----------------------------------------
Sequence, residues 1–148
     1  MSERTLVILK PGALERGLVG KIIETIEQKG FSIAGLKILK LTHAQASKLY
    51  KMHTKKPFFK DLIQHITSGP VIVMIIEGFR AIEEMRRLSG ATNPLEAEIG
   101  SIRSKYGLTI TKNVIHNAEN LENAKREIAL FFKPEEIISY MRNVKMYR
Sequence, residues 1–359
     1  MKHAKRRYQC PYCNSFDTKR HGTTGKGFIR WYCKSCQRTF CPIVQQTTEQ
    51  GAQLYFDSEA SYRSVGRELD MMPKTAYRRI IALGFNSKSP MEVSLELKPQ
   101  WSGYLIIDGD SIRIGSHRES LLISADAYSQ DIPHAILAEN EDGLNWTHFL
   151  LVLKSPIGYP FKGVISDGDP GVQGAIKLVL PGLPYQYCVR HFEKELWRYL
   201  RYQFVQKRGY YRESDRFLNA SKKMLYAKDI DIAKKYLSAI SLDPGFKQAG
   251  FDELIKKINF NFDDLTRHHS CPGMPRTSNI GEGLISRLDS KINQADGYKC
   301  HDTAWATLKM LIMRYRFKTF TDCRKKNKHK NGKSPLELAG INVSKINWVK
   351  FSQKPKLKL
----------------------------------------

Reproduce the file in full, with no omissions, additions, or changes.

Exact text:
Sequence, residues 1–148
     1  MSERTLVILK PGALERGLVG KIIETIEQKG FSIAGLKILK LTHAQASKLY
    51  KMHTKKPFFK DLIQHITSGP VIVMIIEGFR AIEEMRRLSG ATNPLEAEIG
   101  SIRSKYGLTI TKNVIHNAEN LENAKREIAL FFKPEEIISY MRNVKMYR
Sequence, residues 1–359
     1  MKHAKRRYQC PYCNSFDTKR HGTTGKGFIR WYCKSCQRTF CPIVQQTTEQ
    51  GAQLYFDSEA SYRSVGRELD MMPKTAYRRI IALGFNSKSP MEVSLELKPQ
   101  WSGYLIIDGD SIRIGSHRES LLISADAYSQ DIPHAILAEN EDGLNWTHFL
   151  LVLKSPIGYP FKGVISDGDP GVQGAIKLVL PGLPYQYCVR HFEKELWRYL
   201  RYQFVQKRGY YRESDRFLNA SKKMLYAKDI DIAKKYLSAI SLDPGFKQAG
   251  FDELIKKINF NFDDLTRHHS CPGMPRTSNI GEGLISRLDS KINQADGYKC
   301  HDTAWATLKM LIMRYRFKTF TDCRKKNKHK NGKSPLELAG INVSKINWVK
   351  FSQKPKLKL